of it, and when thou hast drunk thereof thou shalt burst. But if any
of these thy huntsmen hear and tell thee of this thing, he shall
become stone to the girdle." All this that huntsman heard, and he
thought to himself, "Woe is me!"

Again, toward the third cockcrow, he heard something else coming to
the window, and it said, "Oh, thou son of a dog! thou didst say, 'If
only we had a warm hut, and a white bed, and soft bread, and sour
kvas, we should have naught to complain of, but would tell tales and
feign fables till dawn'; but now thou hast forgotten all thy fine
promises! Wherefore this shall befall thee on thy way home. Thou shalt
come upon a feather-bed in the highway; a longing for rest shall come
over thee, and thou wilt lie down on it, and the moment thou liest
down thereon thou shalt burst. But if any of thy huntsmen hear this
thing and tell it thee, he shall become stone up to the neck!" All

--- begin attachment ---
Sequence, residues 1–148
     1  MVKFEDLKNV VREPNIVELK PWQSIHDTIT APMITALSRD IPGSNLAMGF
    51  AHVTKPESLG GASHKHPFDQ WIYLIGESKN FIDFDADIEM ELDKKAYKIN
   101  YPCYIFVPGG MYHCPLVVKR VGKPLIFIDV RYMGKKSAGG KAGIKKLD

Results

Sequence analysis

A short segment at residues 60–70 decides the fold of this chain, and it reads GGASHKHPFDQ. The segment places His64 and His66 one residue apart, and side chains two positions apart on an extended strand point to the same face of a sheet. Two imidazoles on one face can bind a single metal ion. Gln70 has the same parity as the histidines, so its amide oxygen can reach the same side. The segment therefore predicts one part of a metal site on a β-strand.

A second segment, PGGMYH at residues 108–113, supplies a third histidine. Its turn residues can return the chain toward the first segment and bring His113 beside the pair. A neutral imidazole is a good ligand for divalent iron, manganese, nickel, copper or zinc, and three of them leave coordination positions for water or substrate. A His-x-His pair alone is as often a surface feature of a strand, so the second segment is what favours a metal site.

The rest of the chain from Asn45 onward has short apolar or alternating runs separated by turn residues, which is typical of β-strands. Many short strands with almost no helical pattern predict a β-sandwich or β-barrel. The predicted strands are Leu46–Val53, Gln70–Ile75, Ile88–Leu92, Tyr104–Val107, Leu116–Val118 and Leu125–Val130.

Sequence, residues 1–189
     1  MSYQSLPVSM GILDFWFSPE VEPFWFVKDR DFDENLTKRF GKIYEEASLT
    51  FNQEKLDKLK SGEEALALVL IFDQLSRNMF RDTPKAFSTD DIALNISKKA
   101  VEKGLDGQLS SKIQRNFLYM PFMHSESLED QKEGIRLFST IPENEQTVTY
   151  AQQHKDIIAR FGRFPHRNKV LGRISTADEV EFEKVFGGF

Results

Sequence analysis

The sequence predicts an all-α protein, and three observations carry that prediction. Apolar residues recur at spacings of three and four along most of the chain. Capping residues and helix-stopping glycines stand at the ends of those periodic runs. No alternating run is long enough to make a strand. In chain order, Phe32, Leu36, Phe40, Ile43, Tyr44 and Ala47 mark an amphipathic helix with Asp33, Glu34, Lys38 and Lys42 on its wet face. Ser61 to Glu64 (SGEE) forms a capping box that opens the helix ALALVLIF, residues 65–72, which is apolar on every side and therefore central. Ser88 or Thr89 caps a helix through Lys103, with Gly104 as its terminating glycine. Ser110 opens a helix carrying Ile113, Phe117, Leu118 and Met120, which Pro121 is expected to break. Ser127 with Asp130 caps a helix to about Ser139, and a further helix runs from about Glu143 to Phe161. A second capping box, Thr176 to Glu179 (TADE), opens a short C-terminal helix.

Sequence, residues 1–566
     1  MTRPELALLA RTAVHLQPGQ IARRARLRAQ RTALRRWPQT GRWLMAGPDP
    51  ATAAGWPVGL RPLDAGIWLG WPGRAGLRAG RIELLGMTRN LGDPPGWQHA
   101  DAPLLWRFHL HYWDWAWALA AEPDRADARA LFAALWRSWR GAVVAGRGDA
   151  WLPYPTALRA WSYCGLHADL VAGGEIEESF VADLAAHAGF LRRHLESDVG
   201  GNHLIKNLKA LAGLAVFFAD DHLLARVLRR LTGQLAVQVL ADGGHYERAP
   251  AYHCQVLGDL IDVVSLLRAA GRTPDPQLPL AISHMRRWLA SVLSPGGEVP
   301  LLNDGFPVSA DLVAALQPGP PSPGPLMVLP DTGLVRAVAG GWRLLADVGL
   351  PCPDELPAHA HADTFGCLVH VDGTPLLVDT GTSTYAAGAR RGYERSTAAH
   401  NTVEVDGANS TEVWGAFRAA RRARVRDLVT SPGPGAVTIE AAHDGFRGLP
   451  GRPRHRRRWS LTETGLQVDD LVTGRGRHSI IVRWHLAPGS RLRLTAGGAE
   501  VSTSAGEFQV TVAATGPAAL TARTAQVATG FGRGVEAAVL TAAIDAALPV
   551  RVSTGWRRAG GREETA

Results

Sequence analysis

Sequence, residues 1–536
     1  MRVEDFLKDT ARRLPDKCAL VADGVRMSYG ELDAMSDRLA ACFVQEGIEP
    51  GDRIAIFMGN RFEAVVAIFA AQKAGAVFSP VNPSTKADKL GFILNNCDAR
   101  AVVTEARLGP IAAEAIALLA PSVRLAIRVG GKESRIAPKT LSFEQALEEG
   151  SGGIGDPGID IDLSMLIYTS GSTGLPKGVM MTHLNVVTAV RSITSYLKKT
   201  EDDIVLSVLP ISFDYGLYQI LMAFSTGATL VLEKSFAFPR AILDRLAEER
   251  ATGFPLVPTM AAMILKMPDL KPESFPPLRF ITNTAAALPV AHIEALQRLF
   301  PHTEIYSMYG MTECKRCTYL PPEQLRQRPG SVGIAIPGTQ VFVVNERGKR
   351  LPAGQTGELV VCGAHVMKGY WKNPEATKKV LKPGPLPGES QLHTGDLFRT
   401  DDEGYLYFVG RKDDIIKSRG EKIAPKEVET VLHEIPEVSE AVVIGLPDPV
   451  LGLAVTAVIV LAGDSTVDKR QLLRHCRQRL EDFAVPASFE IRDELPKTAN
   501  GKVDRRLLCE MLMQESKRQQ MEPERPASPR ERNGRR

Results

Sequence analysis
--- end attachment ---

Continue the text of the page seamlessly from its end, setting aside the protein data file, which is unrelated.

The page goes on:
this that huntsman heard, and then he awoke his comrades and said,
"It is time to depart!"--"Let us go then," said the nobleman.

So on they went, and they had not gone very far when they saw an
apple-tree growing by the wayside, and on it were apples so beautiful
that words cannot describe them. The nobleman felt that he must taste
of these apples or die; but the wakeful huntsman rushed up and cut
down the apple-tree, whereupon apples and apple-tree turned to ashes.
But the huntsman galloped on before and hid himself.

They went on a little farther till they came to a spring, and the
water of that spring was so pure and clear that words cannot describe
it. Then the nobleman felt that he must drink of that water or die;
but the huntsman rushed up and splashed in the spring with his sword,
and immediately the water turned to blood. The nobleman was wrath, and
cried, "Cut me down that son of a dog!" But the huntsman rode on in
front and hid himself.

They went on still farther till they came upon a golden bed in the
highway, full of white feathers so soft and cosy that words cannot
describe it. The nobleman felt that he must rest in that bed or die.
Then the huntsman rushed up and struck the bed with his sword, and it
turned to coal. But the nobleman was very wrath, and cried, "Shoot me
down that son of a dog!" But the huntsman rode on before and hid